I like classical music. Not as much as I like Rod Stewart classics, mind you, but well enough.
But I never bought into the notion, prevalent throughout my four children's babyhood, that there was a small window of time to really shape a baby's brain. And that flooding that brain with Mozart or other classical music during those years was one key way to make a baby smarter. That understanding was based on "research" in the 1990s that just always seemed ... a little too easy to me.
Though apparently not to a lot of people. In the late 1990s, then-Gov. Zell Miller mandated that every new baby leaving a Georgia hospital be given a classical-music CD.
He said, "Listening to music at a very early age affects the spatial-temporal reasoning that underlies math and engineering and even chess."
Really? States started pouring millions into baby education and resources, with the hope that reaching babies in the first months and years of life would help them do better in school later on. Whole companies developed "brainy baby" products that teased parents out of untold amounts of money in the belief that just the right educational toy, CD or gadget in those all-important first three years of life would give their baby that all-important leg up on ... everything.
Well, finally somebody is showing a little smarts here after all. Sara Mead, a senior analyst at Education Sector, an education-policy think tank based in Washington, released her analysis this week, "Million Dollar Babies: Why Infants Can't be Hardwired for Success."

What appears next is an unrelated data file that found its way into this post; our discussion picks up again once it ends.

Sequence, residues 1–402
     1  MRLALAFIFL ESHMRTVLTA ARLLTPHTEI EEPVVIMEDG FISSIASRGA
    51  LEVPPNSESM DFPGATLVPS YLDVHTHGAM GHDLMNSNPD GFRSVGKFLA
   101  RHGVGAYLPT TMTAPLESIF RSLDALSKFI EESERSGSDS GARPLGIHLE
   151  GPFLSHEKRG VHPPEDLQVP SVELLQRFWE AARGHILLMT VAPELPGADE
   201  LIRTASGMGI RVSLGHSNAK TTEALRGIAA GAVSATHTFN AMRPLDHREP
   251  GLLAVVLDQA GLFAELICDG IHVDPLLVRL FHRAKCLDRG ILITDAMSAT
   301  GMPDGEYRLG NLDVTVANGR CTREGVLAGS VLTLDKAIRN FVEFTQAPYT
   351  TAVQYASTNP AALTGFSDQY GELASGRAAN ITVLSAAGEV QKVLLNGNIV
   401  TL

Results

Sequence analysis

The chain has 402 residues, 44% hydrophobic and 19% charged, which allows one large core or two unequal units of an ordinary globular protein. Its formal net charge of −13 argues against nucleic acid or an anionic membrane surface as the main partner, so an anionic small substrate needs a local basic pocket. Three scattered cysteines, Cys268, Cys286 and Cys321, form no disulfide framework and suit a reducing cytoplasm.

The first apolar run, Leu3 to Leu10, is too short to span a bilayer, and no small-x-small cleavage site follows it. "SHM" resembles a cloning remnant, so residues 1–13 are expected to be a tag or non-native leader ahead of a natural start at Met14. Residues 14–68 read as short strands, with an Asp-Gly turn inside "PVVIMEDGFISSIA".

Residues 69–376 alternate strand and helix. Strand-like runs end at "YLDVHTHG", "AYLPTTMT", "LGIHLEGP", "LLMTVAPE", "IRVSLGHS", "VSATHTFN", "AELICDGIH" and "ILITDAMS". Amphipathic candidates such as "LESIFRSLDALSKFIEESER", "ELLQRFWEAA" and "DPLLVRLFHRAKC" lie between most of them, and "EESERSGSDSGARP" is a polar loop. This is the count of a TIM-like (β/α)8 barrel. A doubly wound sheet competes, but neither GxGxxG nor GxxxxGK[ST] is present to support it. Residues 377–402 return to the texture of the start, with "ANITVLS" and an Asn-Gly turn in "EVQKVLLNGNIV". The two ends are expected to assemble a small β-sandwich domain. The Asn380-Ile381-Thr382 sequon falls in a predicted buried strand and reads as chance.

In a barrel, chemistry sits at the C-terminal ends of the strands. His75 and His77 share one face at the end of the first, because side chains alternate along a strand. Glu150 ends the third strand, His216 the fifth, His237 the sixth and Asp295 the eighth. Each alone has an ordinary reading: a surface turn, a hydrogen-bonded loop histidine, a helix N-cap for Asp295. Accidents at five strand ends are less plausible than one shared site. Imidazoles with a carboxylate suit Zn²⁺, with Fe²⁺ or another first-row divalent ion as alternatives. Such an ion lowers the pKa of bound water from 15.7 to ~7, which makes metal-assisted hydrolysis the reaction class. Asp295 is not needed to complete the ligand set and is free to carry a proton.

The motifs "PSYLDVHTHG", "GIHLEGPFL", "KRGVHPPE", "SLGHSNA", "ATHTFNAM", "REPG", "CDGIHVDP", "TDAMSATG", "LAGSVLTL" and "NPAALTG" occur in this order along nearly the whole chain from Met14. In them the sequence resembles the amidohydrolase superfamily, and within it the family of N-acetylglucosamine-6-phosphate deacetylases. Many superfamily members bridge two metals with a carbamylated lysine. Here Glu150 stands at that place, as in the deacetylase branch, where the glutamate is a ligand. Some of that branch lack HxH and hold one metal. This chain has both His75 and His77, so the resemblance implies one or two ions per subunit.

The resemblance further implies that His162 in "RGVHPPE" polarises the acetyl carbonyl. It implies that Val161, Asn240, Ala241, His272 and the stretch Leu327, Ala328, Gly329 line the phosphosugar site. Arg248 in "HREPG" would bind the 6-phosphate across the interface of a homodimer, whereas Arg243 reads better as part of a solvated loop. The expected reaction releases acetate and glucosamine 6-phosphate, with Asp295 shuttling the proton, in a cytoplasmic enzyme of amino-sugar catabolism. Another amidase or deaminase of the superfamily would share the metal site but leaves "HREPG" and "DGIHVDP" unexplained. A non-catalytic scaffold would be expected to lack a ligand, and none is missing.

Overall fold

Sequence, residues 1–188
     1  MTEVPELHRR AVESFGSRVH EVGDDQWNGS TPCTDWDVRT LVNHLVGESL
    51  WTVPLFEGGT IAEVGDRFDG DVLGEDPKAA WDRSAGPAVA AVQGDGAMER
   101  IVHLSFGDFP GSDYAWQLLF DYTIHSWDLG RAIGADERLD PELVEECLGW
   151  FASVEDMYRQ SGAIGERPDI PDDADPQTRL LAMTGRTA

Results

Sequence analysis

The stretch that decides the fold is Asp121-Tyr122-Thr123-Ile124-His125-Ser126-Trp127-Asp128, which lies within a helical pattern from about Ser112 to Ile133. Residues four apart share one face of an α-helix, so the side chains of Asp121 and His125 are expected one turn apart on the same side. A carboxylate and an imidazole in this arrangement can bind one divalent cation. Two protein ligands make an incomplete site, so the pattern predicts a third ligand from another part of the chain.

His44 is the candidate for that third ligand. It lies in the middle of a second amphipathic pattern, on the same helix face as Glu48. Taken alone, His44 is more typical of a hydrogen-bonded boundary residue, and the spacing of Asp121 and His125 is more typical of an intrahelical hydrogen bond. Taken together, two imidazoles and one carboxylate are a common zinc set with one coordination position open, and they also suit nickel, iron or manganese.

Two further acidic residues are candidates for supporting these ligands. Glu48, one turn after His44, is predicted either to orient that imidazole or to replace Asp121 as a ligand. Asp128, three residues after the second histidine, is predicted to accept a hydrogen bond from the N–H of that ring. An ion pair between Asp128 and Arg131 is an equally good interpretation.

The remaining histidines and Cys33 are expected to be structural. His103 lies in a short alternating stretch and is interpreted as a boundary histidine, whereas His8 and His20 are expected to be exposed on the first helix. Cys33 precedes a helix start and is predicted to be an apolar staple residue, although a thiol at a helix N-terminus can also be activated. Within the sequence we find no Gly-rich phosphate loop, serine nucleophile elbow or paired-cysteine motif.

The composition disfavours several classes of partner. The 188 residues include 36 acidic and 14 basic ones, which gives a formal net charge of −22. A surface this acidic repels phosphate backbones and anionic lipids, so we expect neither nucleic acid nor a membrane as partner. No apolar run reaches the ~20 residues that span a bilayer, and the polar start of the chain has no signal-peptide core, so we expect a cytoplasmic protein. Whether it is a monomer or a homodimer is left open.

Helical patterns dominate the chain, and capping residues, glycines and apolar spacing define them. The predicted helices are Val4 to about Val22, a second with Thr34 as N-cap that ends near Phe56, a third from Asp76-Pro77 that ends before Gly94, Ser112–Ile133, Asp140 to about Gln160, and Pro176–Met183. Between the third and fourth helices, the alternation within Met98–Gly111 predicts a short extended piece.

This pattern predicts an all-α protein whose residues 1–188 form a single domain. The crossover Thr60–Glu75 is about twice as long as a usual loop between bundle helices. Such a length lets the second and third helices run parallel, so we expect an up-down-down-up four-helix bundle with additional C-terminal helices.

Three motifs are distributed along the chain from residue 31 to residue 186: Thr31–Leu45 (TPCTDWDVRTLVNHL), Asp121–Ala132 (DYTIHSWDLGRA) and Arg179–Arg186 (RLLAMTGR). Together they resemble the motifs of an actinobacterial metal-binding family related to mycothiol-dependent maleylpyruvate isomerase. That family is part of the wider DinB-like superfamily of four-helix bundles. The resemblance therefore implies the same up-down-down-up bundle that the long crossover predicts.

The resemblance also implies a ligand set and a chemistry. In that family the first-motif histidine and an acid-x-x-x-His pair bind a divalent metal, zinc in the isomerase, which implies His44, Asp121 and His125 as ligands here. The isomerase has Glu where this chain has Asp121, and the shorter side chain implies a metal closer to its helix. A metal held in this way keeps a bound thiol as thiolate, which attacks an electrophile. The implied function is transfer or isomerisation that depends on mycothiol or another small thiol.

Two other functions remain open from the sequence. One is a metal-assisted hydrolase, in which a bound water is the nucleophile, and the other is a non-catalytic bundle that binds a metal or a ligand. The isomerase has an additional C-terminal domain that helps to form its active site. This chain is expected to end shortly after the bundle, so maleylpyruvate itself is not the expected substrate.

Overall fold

Mead writes that "there's a problem ... with the new conventional wisdom about building brighter babies: it's based on misinterpretations and misapplications of brain research."
She points out that the real evidence is that there's no magic "brain development window" that closes after the first three years of life. That, in fact, focusing on that "magic" window may let us parents and our communities off the hook later on when what we do for our kids really matters. And so, for instance, she recounts director _ and so-called child advocate _ Rob Reiner arguing: "If we're going to have a real impact on societal ills _ crime, teen pregnancy, drug abuse, welfare _ we're going to have to focus in on the first three years of life. It's problem-solving through the prism of zero to three."
Like I said, some folks sure want it to be easy.
Mead goes on to lay out the overwhelming science for dumping the super-baby approach. But, she's not the first. In 2005, Marina Krakovsky reported in the "Stanford Report" from Stanford University that while scientists had discredited the claims that Mozart affects babies' brains, the belief in the "Mozart effect" had still exploded in popularity over the years, becoming a myth that couldn't be dislodged.
As Krakovsky points out, the original Mozart-makes-baby-smarter theory came from a 1993 Nature journal report. It found a small and temporary (15-minute) increase in a college person's IQ after listening to classical music. Babies were not studied.
Still, the Nature report _ along with other research that showed some major growth in a baby's brain in those early years of life _ essentially ignited the "baby brain" rage. The "findings" made the cover of Newsweek, and were the basis of countless news articles.
I know, because my mother used to send them to me.
Unfortunately, I don't think the baby-brain "wave" will end anytime soon. A new mom and dad don't want to hear: "Trust your instincts, and just enjoy your baby. Your natural, loving interaction with him in those first years is all the stimulation he needs."
Too many parents want to build a "better, stronger, smarter baby," and they believe there is an expert out there who can help them do it.
Sadly, it seems many of today's moms and dads want to believe that it takes an expert to raise a child _ maybe because, in a lot of ways, that's just so much easier than believing it takes a parent.